A young friend of mine requested a Venus Flytrap for her 9th birthday. You gotta love that kind of kid.
I remember having one when I was young. I was fascinated. I caught flies to feed it. Sometimes, I gave it a little raw hamburger. Sometimes, I teased it with a toothpick just to see the trap snap shut.
Venus Flytrap Dionaea muscipula is native to the sunny bogs of coastal North and South Carolina. They eat spiders, flies, caterpillars, crickets and slugs. Movement against the trigger hairs inside the specialized leaves cause them to close. The digestive juices inside the leaf dissolve the insect. In 5 to 12 days, the leaf opens and the exoskeleton is washed away by rain or blown away by a breeze. (Sounds like a Halloween story.)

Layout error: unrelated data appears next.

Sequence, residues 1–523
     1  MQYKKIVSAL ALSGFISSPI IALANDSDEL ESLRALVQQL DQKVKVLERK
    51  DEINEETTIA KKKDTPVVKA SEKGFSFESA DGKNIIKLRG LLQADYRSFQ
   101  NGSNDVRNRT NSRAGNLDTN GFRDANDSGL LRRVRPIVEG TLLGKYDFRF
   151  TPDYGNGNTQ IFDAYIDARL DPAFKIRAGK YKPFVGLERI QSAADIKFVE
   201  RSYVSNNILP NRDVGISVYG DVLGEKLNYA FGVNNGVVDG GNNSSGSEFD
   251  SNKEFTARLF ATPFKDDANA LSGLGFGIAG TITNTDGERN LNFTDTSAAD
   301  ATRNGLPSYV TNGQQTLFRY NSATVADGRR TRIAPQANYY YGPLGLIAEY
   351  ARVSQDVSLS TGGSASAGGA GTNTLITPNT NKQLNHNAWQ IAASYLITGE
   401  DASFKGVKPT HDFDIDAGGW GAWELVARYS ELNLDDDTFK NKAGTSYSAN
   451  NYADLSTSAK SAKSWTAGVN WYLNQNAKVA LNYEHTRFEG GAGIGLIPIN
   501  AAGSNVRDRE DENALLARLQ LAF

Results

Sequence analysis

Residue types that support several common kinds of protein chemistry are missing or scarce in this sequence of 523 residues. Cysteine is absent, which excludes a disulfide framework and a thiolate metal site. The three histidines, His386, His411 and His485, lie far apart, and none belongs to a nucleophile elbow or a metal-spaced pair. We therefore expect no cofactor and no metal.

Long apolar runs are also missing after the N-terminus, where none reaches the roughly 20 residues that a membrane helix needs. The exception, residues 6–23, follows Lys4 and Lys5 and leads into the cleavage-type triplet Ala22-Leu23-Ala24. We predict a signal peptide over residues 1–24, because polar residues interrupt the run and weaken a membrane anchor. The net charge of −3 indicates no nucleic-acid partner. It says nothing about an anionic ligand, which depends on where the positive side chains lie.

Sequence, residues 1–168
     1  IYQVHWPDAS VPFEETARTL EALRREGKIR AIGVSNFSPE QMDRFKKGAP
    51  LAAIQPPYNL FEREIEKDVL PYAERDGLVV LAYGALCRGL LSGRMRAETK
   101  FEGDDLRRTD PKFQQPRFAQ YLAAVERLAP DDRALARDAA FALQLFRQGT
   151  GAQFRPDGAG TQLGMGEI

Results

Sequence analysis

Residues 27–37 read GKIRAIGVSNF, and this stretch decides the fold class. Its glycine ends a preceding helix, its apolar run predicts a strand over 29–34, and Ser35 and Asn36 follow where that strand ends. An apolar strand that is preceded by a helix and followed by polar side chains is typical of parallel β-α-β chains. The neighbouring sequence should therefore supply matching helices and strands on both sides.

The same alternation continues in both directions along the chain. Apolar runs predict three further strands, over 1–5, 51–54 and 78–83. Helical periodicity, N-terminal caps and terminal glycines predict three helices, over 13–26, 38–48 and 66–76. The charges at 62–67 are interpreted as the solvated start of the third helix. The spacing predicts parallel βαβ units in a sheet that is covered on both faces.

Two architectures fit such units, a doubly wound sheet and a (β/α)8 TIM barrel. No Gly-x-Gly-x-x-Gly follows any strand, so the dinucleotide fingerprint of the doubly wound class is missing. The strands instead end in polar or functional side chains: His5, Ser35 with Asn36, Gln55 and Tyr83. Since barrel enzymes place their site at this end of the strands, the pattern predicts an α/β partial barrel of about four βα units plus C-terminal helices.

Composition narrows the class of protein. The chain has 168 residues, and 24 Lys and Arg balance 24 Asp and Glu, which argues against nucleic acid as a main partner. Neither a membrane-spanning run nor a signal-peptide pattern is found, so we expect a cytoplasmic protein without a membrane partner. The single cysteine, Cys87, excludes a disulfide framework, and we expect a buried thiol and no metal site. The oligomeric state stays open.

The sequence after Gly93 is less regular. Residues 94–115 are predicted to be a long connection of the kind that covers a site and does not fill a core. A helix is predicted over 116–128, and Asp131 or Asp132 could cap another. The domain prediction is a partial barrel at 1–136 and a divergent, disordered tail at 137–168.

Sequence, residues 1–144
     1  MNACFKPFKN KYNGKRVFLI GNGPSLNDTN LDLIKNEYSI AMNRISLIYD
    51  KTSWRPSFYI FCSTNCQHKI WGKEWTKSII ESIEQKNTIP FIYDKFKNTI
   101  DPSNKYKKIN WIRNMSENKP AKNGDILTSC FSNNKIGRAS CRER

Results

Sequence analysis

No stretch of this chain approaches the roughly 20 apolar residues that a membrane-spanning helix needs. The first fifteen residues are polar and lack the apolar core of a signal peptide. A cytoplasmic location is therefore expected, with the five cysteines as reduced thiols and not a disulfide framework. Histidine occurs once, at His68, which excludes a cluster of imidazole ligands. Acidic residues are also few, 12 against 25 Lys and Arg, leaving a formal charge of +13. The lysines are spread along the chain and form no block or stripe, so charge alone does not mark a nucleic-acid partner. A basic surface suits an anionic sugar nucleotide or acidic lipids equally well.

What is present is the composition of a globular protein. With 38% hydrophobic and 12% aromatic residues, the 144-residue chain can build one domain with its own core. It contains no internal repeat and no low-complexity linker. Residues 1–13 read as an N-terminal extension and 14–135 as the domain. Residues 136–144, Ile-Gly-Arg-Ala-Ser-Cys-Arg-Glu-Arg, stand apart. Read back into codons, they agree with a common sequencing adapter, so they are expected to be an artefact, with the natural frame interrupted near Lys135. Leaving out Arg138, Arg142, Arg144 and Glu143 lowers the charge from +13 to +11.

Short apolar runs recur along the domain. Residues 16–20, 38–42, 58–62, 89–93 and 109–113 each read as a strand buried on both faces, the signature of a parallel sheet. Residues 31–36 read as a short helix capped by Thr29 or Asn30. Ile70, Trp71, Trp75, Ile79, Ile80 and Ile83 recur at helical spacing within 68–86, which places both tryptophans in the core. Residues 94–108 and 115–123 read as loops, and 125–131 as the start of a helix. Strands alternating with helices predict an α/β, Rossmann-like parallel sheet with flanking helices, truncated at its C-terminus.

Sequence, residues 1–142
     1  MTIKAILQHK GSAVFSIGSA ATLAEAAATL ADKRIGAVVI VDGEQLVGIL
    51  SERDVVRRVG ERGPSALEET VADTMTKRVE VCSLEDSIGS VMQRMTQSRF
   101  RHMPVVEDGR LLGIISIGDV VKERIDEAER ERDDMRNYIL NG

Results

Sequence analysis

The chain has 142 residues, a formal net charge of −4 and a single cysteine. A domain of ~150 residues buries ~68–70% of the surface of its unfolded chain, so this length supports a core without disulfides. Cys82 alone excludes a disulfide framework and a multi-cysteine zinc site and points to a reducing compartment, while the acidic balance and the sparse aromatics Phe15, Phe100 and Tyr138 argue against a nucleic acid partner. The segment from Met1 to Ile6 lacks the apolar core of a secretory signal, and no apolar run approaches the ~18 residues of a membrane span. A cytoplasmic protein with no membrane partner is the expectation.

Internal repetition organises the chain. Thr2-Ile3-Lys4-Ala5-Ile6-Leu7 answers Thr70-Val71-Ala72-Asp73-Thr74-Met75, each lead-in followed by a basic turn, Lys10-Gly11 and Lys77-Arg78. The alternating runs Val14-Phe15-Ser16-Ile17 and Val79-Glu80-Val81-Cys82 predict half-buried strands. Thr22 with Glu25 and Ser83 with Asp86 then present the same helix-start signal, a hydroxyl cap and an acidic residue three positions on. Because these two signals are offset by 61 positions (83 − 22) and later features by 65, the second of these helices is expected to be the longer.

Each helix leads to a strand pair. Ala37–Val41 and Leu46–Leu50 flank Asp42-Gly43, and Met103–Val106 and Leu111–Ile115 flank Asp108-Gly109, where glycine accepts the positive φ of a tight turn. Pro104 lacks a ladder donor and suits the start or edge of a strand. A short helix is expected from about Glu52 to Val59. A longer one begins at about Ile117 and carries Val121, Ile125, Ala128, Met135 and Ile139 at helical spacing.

According to The Garden Helper Fly Trap Tips:
… the growing medium must stay moist, but never soggy.
… Flytraps will consume 2 or 3 flies each month.
… purchase small crickets at a local pet shop as food or dead flies and insects may be used
… Never, never, never feed your Flytrap hamburger. The fat content in burger will be fatal to your plant..
… Artificially springing the trap… drains the plant's energy. If this is done too often, the trap head will become less sensitive and possibly die.
I’m glad I didn’t read Garden Helper when I was a kid.